When someone holds a massive music festival that doubles as a networking event, you know NYC tech will show up. This year, the South by Southwest (SXSW) Conference & Festival runs from March 8-17 and showcases innovations in the interactive, film and music industries.
Some attendees simply show up and enjoy, while others represent their company and exhibit, sponsor, speak on panels and engage the crowd in other ways. The following are some of the local startups with a presence at this year’s gathering.
Foursquare uses location intelligence to connect users with businesses in their area and share recommendations with one another. Their Pilgrim Technology, which precisely identifies where phones are, is used in Foursquare’s app as well as third party enterprises that harness its capabilities for their own services.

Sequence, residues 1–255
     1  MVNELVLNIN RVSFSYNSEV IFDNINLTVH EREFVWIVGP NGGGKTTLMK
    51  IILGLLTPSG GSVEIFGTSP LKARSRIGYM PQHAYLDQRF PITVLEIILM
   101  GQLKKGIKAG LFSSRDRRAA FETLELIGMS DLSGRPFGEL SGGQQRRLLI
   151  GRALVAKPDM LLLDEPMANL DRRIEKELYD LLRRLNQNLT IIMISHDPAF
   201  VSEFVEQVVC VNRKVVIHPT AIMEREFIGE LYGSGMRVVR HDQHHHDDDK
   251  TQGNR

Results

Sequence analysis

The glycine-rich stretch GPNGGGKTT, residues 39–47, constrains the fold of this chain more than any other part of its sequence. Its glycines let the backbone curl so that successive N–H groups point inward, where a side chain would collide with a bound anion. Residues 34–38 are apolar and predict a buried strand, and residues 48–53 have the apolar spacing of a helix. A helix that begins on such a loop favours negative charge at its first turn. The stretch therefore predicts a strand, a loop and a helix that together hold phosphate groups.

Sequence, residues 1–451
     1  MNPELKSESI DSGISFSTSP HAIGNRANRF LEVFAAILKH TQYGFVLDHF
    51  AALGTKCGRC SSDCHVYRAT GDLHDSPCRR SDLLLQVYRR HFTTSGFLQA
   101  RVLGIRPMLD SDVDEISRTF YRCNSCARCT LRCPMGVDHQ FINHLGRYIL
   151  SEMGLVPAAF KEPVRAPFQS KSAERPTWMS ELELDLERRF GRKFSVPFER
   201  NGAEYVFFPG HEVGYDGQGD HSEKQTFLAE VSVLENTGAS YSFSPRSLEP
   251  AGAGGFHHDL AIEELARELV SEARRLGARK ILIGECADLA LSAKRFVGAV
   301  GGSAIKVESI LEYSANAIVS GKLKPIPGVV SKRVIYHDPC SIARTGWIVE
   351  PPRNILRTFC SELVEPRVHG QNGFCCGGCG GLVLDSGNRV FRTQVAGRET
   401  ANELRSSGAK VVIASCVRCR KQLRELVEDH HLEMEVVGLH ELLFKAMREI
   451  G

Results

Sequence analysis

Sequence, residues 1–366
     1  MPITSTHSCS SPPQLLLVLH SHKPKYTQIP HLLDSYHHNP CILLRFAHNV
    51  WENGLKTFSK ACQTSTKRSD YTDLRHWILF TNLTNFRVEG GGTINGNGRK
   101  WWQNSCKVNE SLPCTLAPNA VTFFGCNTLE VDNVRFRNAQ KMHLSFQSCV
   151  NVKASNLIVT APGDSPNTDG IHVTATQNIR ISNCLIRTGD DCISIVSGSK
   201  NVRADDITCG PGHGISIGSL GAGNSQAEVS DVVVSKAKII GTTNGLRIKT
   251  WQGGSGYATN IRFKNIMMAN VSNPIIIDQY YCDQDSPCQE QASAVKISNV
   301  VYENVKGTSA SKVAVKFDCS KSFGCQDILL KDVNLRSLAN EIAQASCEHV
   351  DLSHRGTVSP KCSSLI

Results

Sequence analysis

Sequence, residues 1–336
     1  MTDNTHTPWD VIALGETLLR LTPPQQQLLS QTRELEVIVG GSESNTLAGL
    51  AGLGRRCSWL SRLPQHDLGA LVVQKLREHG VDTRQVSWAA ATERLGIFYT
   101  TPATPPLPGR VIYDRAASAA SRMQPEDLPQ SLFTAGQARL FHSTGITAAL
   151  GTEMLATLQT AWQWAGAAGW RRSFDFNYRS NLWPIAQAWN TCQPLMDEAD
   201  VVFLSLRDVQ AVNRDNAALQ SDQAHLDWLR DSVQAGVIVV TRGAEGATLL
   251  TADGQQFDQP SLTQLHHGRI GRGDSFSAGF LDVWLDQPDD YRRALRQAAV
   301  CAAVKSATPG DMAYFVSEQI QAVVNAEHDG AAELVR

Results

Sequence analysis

JUMP is an electric bike and scooter service that helps you find the closest JUMP device nearby and immediately start moving — with an extra kick. The bike’s electric motor only activates while you’re already pedaling, meaning it provides just the right amount of assistance to make sure you’re not sweating by the time you reach your destination. Unlike docked bike shares, JUMP lets you lock your bike up to a rack.
Ogury helps marketers better understand the user journey. Their AI technology helps solve issues associated with incomplete mobile user journey data, poorly-integrated platforms and a lack of transparency into user data.
Event marketing software company Splash helps manage every part of the event marketing process, from promotion beforehand to communication during. Users can build event landing pages, sell event tickets, check people in and keep attendees engaged throughout.
Rah Rah is a platform that helps college students engage with their college’s academic and social offerings more easily. Using the service, students can view their schedule, learn about campus events and connect with professors all in one spot. Founded in 2018, the company is still operating in stealth mode, and has raised a total of $1.8 million in funding.